How a Norwich club helped stamp out crime in the city
- Credit: Archant Library
This framed tribute is an important part of a family history.
As you can see it honours Francis Victor Brundish, and includes two photographs of him, alongside his membership card to the original Norwich Lads Club which he joined in April 1918.
It was left in our office some time ago and today we are trying to track down any members of Francis’s family so that it can be returned to them.
A Norwich boy, Frances went to Bull Close School and then joined the club when it first opened aged 15. He later went on to serve nine years with the Norfolk Regiment, mainly in Egypt.
The photograph of him in his uniform was taken when he was 18.
He died in 1982, three weeks before his golden wedding. He had kept his membership card to the Lads Club which he cherished and must have been so proud of.
It was a club, the first of its kind anywhere in the world, which played a leading role in thousands of young lives.
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And it almost wiped out juvenile crime in the city. It gave boys a purpose in life.
There is wonderful book telling the story of the club written by our former editor Robert Walker. Called Seventy Years Young it was published in 1988 and is a fascinating read.
He tells how, on a night in March 1918, a motley group of about 30 Norwich boys stood outside an old building in St George’s Street waiting for the door to open.
They had no idea what to expect.
Certainly, they had no thought of being pioneers in a movement that within a few years would spread across Britain and overseas, arousing the interest of the United States of America, Canada, Australia, New Zealand, India and South Africa.
All these boys thought about, and all they wanted, was to see what the Norwich Lads Club on its opening night, had to offer.
The revolutionary idea for this club came from a man described as a big, tough practical police officer with a waxed moustache. The sort of gentleman who commanded respect.
Chief constable John Henry Dain was also a kindly man and one with a vision…to help young people.
Dain’s basic belief was that a boy of natural wickedness was rare indeed, that most boys wandered into trouble because by nature they were mischievous and energetic. If those qualities could be channelled in the right direction, then crime would be prevented before it had a chance to begin.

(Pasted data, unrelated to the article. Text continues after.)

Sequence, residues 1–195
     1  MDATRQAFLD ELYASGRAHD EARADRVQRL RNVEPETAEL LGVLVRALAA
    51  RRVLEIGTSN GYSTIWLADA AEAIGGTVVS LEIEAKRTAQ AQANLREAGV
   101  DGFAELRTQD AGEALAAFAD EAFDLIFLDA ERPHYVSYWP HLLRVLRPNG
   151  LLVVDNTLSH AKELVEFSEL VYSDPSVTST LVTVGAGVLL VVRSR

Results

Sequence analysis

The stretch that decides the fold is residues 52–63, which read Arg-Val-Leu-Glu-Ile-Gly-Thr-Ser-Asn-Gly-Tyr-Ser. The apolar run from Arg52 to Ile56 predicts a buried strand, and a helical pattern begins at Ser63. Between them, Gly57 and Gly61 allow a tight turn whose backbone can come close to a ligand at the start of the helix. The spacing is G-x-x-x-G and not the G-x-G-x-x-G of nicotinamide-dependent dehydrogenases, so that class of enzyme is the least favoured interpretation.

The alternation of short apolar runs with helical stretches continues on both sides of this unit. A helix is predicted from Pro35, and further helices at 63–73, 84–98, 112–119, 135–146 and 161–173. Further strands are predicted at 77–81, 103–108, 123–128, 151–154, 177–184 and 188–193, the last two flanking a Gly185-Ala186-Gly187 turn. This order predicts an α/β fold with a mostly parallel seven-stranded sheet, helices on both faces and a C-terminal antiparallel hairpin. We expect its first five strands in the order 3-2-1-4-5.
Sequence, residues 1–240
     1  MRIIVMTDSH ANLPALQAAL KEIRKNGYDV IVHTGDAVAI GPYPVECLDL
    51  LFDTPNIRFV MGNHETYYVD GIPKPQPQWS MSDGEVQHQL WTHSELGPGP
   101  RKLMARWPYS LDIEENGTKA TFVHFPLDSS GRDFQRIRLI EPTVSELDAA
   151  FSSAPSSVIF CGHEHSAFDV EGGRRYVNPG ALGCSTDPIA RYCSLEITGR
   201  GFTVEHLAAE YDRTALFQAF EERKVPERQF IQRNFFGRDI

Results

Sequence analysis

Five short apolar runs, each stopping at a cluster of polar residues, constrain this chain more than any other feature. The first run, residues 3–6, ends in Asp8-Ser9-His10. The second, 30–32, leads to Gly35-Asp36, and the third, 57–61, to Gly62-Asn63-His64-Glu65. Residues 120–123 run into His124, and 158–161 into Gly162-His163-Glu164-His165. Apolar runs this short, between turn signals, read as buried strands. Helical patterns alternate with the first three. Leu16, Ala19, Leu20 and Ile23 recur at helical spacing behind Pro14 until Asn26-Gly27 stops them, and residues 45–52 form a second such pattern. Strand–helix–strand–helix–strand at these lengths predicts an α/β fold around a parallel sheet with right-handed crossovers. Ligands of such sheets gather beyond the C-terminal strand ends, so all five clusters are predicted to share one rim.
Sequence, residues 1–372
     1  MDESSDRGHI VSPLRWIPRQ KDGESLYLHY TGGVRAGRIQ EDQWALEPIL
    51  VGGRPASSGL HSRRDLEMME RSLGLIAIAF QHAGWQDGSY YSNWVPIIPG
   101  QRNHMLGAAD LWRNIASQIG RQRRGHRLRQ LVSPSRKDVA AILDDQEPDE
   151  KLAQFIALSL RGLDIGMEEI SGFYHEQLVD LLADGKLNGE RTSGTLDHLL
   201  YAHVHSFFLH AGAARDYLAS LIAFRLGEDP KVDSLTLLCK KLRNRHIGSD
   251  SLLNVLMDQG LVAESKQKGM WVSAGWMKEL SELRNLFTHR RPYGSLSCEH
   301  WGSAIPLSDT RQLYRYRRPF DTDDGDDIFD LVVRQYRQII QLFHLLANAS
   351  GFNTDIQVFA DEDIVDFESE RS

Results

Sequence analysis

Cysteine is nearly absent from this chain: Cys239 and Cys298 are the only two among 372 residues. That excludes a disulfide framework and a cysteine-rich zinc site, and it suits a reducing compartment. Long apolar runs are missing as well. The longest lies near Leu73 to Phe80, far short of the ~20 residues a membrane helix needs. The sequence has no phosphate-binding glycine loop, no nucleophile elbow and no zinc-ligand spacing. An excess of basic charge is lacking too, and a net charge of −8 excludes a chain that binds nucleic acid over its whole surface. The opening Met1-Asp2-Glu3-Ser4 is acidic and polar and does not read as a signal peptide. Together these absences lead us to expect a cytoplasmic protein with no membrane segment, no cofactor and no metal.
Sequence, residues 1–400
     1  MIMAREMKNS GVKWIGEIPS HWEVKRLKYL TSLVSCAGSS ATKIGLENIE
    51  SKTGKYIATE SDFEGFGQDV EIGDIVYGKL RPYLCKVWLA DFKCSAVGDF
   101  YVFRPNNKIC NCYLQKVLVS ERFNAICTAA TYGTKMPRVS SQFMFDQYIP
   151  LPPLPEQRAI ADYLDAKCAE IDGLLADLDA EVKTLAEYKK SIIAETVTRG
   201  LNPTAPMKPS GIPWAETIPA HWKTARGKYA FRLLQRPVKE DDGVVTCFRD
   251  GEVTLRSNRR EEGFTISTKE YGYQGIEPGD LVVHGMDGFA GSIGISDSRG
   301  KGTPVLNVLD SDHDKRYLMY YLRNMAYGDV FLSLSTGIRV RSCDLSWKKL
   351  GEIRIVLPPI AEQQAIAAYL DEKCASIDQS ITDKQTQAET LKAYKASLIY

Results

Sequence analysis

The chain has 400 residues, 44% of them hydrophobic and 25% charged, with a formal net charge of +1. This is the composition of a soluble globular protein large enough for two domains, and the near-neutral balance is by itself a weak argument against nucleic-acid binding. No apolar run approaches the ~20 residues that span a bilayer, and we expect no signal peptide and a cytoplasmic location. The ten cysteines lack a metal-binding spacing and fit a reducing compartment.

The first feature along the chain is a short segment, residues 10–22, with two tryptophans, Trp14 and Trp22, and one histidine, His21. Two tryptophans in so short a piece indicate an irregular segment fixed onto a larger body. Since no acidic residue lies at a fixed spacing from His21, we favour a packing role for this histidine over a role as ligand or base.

And so it came to be that Dain opened the only club of its kind anywhere in the world. Run for lads by the police.
Not with a fist but with a hand of friendship…reaching out to boys not just for their benefit but for the community in general.
The views of Dain were controversial at a time when Borstal and the birch were the order of the day.
“A boy belonging to a team, band, or club, quickly learns that he is part of an organisation…thus he learns early in life the fundamental principle of democracy – co-operation,” he said.
The community responded to his call for support.
The tumbledown building was transformed into a top-notch club and the official opening was performed by Lord Mayor Richard Jewson on April 18 1918. He was the club’s first president and from then on the Lord Mayor of the day became the president during their term of office.
The entire Norwich City Police Force volunteered to help and many stayed on to help at the club which, within a few months had attracted more than 1,000 members. Many becoming talented boxers, gymnasts and musicians.
There were also lantern lectures on travel, nature, transport, machinery, science and history plus concerts.
Juvenile crime was falling. The lads were having the time of their lives and in the summer of 1919 one of Dain’s great ideas became a reality.
The first group of lads arrived at the Norwich Fire Station to be taken by motor car – an adventure in itself – to Warren Farm on the Gorleston cliffs for a weekend at the seaside. “Utter freedom allied to good behaviour,” he said.
Hundreds of boys went weekends away. It truly was a dream come true.
The gymnastic team went on to put on a display at the Norfolk Show, the boxers were a force to be reckoned with in the ring, and then a Lads Club band was formed under “dear old” Ernie Daniels in the 1920s.
Supporters gave the boys instruments and one of the members, Alfred Betts, said: “We entered the Crystal Palace euphonium competition, bottom section and got fifth place, Jock, a Scot on the second euphonium, threw his uniform cap in the air and never saw it again!”
A century ago, in February 1922, the band gave a display at St Andrew’s Hall, under the baton of Ernie Daniels before a crowd of 1,500.
The gymnasts, the footballers and the boxers were becoming local heroes and the Lads Club was running out of space. It was time to move on to much bigger and better equipped premises in King Street – a story for another day.
If you are related to Francis Victor Brundish and would like to have the framed tribute please contact me at email@example.com
Statistics show that in 1919, one year after the opening of the Lad’s Club that number of under 16s charged with criminal offences had halved. In 1922 the figure was down to 12 and in the following year only seven were brought before the courts.